I know, I know. I’m way behind on film coverage. Doing the best I can to get caught up, and also giving some much-needed coverage to films after their release.
[cbtabs][cbtab title=”The Food of the Gods Review”]Bert I. Gordon’s work is well known in cult film clubs; he’s known as Mr. BIG, affectionately, and he’s got the sort of style that is immediately noticeable. Unfortunately, he’s not famous for crafting particularly good films; instead, the recognizable aspects tend to have to do with the poor special effects, the odd opening credit pauses, and, in The Food of the Gods‘ case, the killing of real rats. This 1976 film utilizing the bare-bones plot of H.G. Wells’ story actually came before Empire of the Ants, but in my own estimation, it’s a better film all around.
The Food of the Gods loosely uses H.G. Wells’ initial plot, about a strange food that causes gigantism, and then branches out accordingly. Marjoe Gortner (performing marriages since he was four years old) stars as Morgan, a football player who heads to a dreary island to get away from society before a big game, and then encounters giant cocks, rats, and worms while he’s there. There’s a goopy soup that the residents know affects animals in strange ways, but they’re looking to sell it to Bensington (Ralph Meeker) and Lorna (Pamela Franklin) for a price.
However, Gordon doesn’t want the characters to feel too comfortable, because the rats have been getting into the food and growing huge in a cute-and-cuddly kind of way. The Food of the Gods splices footage of its characters on the island with real rats blown up to large proportions, scrambling around or swimming in water. It’s Gordon’s method of not having to continually resort to rat props that smack the characters, and for the most part, it works. Later, the film goes one better, putting the characters above a spliced-in horde of rats swimming in water.
The Food of the Gods is a relatively standard giant animal film from its first moments. Morgan, looking for a relaxing vaca from the world, is thrown into the terror, and instead of escaping from it, he plans to go back to the island to rid it of the wasps that killed his friend. Gordon’s characterization of most of the characters is full of stereotypical holes, and a lot of those people are really just here to be killed in gruesome ways by mauling rats. Still, there are little glimmers of a better film here when Gordon gives Lorna room to make waves with Bensington; she gives him a talking-to late in the film that probably should be delivered to many corporate bigwigs at Time Warner headquarters.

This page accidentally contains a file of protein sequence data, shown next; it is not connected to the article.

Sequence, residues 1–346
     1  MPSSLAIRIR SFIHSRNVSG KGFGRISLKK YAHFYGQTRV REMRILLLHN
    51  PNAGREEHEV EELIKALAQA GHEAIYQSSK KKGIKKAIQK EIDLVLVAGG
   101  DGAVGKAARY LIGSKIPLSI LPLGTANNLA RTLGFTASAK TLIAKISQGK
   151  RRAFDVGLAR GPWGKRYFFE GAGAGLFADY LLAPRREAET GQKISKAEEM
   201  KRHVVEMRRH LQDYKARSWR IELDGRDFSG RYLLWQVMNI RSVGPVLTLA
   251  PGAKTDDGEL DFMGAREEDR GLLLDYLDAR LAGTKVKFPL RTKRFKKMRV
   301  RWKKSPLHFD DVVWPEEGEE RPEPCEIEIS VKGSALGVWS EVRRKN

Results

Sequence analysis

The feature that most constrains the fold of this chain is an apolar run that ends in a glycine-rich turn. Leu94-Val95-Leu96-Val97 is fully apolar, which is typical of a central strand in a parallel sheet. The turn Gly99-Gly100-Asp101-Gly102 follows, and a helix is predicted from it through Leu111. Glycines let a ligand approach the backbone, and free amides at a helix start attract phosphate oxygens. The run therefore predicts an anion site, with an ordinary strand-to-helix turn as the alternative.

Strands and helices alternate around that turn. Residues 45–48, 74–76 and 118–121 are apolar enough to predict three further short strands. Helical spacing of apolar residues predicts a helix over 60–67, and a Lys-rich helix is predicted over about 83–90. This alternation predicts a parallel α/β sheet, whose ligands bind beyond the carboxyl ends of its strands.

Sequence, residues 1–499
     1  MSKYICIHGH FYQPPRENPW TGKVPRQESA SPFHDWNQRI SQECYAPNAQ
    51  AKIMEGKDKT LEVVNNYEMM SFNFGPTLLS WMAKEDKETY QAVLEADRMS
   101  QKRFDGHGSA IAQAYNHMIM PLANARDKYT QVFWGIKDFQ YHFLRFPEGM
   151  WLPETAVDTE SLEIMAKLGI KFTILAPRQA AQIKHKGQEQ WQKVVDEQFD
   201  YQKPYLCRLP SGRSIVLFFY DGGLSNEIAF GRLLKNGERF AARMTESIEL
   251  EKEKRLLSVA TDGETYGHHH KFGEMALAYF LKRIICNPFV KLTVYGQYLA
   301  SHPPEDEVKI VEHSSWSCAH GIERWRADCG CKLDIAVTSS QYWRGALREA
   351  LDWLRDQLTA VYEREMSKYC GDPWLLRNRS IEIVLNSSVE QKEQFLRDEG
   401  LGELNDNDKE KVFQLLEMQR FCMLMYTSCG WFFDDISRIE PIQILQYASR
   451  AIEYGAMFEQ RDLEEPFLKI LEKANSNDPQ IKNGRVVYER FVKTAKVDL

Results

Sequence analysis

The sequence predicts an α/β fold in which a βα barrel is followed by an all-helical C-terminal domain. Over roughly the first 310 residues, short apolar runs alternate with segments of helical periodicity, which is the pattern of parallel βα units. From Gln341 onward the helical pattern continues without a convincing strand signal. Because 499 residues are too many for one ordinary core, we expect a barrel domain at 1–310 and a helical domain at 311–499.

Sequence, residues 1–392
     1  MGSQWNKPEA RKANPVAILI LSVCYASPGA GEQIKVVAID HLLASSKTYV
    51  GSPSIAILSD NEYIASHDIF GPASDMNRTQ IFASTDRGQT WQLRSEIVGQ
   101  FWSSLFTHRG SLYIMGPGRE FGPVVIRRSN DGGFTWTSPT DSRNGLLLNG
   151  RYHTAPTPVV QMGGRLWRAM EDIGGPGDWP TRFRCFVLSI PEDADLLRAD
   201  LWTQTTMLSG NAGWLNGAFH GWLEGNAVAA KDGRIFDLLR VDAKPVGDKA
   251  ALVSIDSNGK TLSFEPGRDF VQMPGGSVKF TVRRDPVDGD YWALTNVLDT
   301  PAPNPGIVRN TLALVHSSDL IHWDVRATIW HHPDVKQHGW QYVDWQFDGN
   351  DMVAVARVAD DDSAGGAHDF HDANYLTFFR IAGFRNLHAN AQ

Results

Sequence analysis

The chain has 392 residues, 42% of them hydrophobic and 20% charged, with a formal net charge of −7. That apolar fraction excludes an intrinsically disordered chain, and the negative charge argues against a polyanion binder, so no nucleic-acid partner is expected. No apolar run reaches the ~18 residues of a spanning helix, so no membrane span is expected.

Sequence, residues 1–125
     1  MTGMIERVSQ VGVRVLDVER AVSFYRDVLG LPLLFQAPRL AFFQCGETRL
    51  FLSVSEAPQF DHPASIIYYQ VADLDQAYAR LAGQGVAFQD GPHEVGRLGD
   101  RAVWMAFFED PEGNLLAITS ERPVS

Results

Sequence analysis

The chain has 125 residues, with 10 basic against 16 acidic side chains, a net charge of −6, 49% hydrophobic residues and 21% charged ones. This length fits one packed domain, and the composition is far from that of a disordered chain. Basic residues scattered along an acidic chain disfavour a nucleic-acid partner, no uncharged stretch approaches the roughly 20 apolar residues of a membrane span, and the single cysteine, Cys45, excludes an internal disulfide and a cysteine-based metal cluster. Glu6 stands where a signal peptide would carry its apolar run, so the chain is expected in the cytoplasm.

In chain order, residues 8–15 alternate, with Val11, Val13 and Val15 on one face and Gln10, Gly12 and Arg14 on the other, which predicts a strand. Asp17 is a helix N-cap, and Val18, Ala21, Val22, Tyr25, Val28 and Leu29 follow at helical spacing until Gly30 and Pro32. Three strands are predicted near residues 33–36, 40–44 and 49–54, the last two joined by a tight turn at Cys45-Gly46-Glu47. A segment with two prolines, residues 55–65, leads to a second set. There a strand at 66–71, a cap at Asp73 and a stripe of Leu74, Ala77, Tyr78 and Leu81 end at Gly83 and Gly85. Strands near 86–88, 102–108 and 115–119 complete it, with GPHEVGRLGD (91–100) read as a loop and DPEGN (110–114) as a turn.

For a while, the film is a fun excursion into giant animal territory – cheesy certainly, but with its own merits. Gordon’s setting is varied and allows Gortner to traverse the moody, foggy island looking for ways to stop the rats that involve either electrocution or drowning. But it’s difficult to overlook the fact that Gordon’s real rats – the footage that was later added to the film – features all kinds of rats being tortured and killed. There are rats shot in the head, or electrocuted, or drowned in a tank (it looks like). All of that is a rather unnecessary and malicious addition to a film that is clearly very fake the rest of the time, and it really takes away from the entertainment value of watching a film about giant rats.
For the animal lover in the audience, then, I’d recommend staying away from The Food of the Gods; you won’t miss out on too much that you can’t see in Empire of the Ants. But for those that aren’t swayed by Gordon’s killing of live rats, the film is a much better giant animal movie in BIG’s canon, especially because the rat footage used is a little more believable. The characters are still one-dimensional, and there’s no doubt this is a corny drive-in flick; but it can be a lot of fun provided one can get over the senseless slaughtering of rats and Marjoe Gortner’s mop.[/cbtab]
[cbtab title=”Frogs Review”]
Frogs is surprisingly not known by an alternative name of Reptile and Amphibian Porn, because despite the title’s focus on one species of slimy swamp-dwellers, director George McCowan’s film hops all over the place with different nature-made monsters. Instead of taking advantage of giant creatures like Gordon’s The Food of the Gods, Frogs is more interested in taking an environmental stance where nature comes back to attack those that have tried to poison it into submission.